San Francisco airport officials make citizen arrests of ride-share drivers

What do you do when innovation starts to replace established work? Try to arrest it, of course...

Cabbies and limo drivers are furious over the influx of car share companies like Lyft, UberX, Sidecar and InstantCab taking curb space and picking up/dropping off passengers that might have used a taxi service.  It is not just about competition (though let’s face it, it’s about competition.); taxis are licensed and insured to pick up people hailing rides at SFO and elsewhere.  Commercial ride/car share operations are not.  But, If car/ride share companies are not taxi services, then what is the big deal?

A 25% loss to the paychecks and profits of cab companies. 

With car share programs, peer to peer share programs, and peer to peer cab companies like Uber in Honolulu, it is no wonder cab drivers are afraid they will go the way of the VCR (for those of you who remember video cassette recorder). 

So what are airport officials doing to quell expanding protests by cab drivers?  Why, they are making citizen arrests and issuing citations for ride/car share participants who pick up or drop off at the airport, of course.

Car sharing companies have been told not to operate until new regulations of the industry are in place, but they are operating anyway.  Eleven such drivers have been arrested since SFO started issuing citations in July.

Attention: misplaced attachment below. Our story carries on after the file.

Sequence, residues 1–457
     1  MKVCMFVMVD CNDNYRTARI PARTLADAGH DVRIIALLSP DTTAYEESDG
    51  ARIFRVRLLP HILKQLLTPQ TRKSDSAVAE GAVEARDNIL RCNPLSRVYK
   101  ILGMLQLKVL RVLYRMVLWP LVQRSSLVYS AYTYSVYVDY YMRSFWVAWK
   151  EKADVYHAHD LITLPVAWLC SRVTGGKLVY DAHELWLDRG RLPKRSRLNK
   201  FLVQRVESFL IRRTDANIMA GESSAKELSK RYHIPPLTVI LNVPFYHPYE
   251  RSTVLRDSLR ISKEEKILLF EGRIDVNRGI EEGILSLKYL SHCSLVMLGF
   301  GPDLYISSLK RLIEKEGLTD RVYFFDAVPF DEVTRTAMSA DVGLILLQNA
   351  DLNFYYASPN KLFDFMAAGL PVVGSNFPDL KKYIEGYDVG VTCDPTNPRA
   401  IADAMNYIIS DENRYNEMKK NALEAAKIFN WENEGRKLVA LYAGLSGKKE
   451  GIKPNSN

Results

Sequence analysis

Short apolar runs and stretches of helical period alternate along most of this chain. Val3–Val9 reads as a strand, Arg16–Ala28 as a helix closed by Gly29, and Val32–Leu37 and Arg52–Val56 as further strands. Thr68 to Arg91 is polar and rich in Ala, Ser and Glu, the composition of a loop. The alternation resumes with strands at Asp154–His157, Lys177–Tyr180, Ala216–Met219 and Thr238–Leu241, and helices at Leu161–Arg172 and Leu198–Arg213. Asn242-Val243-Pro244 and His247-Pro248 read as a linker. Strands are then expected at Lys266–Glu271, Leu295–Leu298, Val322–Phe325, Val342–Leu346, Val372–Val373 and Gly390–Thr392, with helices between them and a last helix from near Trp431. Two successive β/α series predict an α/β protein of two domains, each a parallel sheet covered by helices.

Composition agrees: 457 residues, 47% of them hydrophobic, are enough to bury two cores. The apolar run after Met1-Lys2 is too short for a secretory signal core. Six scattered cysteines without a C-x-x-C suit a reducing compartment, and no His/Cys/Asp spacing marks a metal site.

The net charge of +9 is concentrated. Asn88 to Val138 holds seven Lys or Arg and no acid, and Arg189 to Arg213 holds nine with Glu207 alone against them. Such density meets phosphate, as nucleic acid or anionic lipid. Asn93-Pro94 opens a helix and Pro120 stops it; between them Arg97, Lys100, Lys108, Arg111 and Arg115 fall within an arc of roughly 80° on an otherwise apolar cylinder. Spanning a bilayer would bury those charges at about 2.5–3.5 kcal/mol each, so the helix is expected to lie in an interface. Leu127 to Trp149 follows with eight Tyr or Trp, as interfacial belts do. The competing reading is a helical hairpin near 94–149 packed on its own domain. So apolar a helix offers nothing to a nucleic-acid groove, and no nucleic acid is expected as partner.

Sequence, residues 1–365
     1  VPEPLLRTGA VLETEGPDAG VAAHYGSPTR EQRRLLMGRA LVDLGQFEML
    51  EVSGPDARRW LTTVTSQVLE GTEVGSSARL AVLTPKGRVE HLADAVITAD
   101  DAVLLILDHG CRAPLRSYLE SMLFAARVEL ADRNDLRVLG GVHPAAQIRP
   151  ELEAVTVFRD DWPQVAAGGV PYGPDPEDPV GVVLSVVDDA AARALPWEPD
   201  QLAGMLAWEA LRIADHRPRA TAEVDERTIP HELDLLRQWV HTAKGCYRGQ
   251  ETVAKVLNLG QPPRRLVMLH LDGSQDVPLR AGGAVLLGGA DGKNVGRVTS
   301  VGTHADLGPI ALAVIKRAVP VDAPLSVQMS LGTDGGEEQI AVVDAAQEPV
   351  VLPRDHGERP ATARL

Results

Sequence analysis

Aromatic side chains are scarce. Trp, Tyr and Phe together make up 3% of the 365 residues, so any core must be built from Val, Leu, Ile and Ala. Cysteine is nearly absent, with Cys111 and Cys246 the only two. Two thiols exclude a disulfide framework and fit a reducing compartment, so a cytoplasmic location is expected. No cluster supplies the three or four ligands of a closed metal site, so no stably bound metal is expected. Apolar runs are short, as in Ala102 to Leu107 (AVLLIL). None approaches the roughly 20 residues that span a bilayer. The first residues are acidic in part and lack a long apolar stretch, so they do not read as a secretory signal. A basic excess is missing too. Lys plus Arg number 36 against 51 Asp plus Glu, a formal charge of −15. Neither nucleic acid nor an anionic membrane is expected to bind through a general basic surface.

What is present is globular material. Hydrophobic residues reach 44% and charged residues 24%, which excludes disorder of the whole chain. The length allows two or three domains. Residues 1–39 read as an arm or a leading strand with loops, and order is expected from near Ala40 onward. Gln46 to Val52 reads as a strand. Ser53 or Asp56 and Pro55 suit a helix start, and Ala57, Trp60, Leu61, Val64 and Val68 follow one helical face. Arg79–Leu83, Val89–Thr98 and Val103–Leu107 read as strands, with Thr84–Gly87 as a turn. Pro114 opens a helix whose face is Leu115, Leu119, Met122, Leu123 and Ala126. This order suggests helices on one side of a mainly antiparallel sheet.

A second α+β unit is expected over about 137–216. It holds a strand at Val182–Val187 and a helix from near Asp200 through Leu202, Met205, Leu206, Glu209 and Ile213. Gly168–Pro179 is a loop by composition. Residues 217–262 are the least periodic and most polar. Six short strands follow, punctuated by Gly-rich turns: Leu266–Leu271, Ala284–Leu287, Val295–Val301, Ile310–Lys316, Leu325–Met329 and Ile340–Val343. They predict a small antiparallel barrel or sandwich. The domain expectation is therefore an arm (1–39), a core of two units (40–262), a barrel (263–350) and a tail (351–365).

The same thing is happening in Seattle, WA, and is sure to happen wherever car share companies prosper.  Now, the good news for taxi companies is that these companies are not just competing with taxis. 

The bad news (which may be good news for everyone else) is they are actually looking to change the landscape of car ownership. 

We are all waiting for regulations to be created for these burgeoning “transportation networks.”  Established car share programs seem to welcome the potential new regulations which may include the more strict minimum $1 million per-incident insurance policy for vehicles and drivers and a zero tolerance policy for drugs and alcohol. 
BWC would encourage regulators to factor in the impact of regulations on future start-ups.

We all want safe and legitimately run businesses with regulations that hold them accountable.  We do not want to make innovation harder. 

For now, be careful if you’re being dropped off at San Francisco International Airport.

Kicking Asphalt

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